Last week I felt really motivated to study Japanese. I’m a morning person, so at 6.30 I was sitting in the kitchen reading and practicing from the book I mentioned in my previous post. My work starts at 9.00 and I usually leave the house around 8, which means I had enough time for my morning routine. On a side note, it actually feels great to wake up early and have time for various activities (reading, training, you name it).
Half an hour to forty minutes it’s better than nothing, in my case. I sometimes added extra forty minutes to one hour in the evenings, after dinner.
Below are my notes on numbers and how to count in Japanese. These are my own tables, rules and notes. No matter if I read/study from a book or on the internet, without writing what I’m learning I risk learning 20% less at least.
1 – 10
11 – 19
This is going to be very easy, no need for an additional table as one example should do it. The following formula applies:
Start with 10 and place the additional number (1-9) after it
Example: じゅうしち or じゅうなな – both mean 17
(10 + 7) (10 + 7)
10 – 90 (the tens)
This is also easy to remember:
Combine single numbers with 10
Example: にじゆう which means 20
(2 + 10)
NOTE: There is only one way of saying 40, 70 and 90, see below:
What if I want to say 21 or 44 ?
Again, there is one easy formula to help you:
21 – にじゆう + いち (20 + 1)
44 – よんじゆう + よん/ し (40 + 4)
How old are you?
As a bonus, I include below notes the Japanese way to say your age. It is very much related to numbers, and although, from a conversation point of view, it should be with notes on greeting others and introducing yourself, to me it makes sense to have it here.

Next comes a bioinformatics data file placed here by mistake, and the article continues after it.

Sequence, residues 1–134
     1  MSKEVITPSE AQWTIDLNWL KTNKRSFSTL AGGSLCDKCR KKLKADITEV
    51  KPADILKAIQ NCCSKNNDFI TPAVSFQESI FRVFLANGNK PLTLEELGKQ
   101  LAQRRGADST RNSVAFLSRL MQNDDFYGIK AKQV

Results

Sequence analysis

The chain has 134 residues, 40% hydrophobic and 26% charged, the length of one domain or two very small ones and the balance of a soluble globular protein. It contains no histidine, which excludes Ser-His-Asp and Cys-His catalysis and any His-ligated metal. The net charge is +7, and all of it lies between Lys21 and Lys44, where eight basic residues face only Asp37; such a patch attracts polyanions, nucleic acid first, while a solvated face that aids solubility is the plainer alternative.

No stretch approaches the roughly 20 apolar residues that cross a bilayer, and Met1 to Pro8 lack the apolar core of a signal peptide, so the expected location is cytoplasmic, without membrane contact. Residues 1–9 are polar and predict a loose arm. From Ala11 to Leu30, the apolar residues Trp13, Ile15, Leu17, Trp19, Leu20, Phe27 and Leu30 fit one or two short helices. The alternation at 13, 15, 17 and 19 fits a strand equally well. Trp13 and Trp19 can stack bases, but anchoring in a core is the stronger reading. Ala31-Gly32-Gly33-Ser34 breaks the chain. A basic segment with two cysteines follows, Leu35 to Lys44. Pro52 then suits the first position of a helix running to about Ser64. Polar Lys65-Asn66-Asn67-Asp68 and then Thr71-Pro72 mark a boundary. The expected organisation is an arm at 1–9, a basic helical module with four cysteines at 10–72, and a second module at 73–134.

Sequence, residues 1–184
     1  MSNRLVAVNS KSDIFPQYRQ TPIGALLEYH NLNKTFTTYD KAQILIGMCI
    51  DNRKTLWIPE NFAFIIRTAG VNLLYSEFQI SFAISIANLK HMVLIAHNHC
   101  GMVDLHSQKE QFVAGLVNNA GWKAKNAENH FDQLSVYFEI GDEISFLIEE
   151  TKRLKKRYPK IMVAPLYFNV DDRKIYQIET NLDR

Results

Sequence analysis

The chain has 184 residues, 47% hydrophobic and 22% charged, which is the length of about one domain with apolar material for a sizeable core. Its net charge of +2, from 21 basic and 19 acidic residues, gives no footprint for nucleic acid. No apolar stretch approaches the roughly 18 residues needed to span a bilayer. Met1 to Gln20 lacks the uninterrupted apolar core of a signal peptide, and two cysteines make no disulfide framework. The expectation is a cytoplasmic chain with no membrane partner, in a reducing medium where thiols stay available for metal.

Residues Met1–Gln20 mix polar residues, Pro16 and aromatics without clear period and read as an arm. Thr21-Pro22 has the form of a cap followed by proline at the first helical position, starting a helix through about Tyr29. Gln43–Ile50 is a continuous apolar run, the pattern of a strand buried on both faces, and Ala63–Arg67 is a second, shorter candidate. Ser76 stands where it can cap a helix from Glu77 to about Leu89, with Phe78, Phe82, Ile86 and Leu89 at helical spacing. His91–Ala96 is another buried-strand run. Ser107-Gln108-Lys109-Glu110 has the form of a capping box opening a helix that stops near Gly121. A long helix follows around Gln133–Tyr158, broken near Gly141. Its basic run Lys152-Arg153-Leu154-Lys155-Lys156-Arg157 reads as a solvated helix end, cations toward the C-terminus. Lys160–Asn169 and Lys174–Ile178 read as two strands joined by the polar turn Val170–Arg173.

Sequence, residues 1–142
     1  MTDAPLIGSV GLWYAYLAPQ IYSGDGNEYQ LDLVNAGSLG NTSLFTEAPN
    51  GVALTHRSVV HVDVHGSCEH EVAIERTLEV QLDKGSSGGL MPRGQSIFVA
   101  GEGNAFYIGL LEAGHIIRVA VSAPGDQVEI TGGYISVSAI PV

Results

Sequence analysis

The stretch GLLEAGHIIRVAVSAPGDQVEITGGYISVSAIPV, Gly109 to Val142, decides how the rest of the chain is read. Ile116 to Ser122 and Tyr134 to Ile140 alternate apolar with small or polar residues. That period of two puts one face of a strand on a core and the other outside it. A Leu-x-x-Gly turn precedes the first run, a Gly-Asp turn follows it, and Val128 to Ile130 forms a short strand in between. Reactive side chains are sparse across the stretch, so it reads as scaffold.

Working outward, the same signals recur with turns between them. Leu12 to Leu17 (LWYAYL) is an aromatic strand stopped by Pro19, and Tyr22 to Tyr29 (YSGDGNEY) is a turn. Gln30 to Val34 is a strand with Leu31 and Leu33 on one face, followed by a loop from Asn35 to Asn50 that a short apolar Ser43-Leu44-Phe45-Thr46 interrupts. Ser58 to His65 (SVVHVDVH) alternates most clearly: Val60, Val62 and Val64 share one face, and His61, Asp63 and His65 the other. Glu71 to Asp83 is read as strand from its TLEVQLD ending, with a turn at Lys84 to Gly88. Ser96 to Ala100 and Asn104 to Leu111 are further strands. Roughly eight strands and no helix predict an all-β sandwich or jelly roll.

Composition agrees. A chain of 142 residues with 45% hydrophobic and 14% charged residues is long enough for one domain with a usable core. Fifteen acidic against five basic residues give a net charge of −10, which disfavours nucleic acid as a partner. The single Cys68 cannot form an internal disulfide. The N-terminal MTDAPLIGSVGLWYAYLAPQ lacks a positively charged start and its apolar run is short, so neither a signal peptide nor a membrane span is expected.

Nansai desu ka. – How old are you?
27 sai desu. – I am 27 years old.
|1 (year old)||いっさい||Never いち さい|
|2 (years old)||にさい|
|3 (years old)||さんさい|
|4 (years old)||よんさい||Never しさい|
|5 (years old)||ごさい|
|6 (years old)||ろくさい|
|7 (years old)||ななさい||Never しちさい|
|8 (years old)||はさい||Never はちさい|
|9 (years old)||きゅさい||Never はちさい|
|10 (years old)||じさい||Never じゅうさい|
|11 (years old)||じゅういっさい|
|12 (years old)||じゅうにさい|
|13 (years old)||じゅうさんさい|
|14 (years old)||じゅうよんさい|
|15 (years old)||じゅうごさい|
|16 (years old)||じゅうろくさい|
|17 (years old)||じゅうななさい|
|18 (years old)||じゅうはっさい|
|19 (years old)||じゅうきゅうさい|
|20 (years old)||はたち||Never にじゅうさい|
|21 (years old)||にじゅういっさい|
|22 (years old)||にじゅうにさい|
|23 (years old)||にじゅうさんさい|
|24 (years old)||にじゅうよんさい|
|25 (years old)||にじゅうごさい|
|26 (years old)||にじゅうろくさい|
|27 (years old)||にじゅうななさい|
|28 (years old)||にじゅうはっさい|
|29 (years old)||にじゅうきゅうさい|
|30 (years old)||さんじゅっさい|
|40 (years old)||よんじゅさい|
|50 (years old)||ごじゅうさい|
|100 (years old)||ひゃくさい|
I can think of two other common scenarios when people would have to use numbers: counting money and saying what date it is (or birthday). I will cover the above examples later on, as I progress with conversation topics in Japanese.
How do you learn Japanese or any other foreign language? Do you write notes, do exercises from books or the internet? What’s your best technique?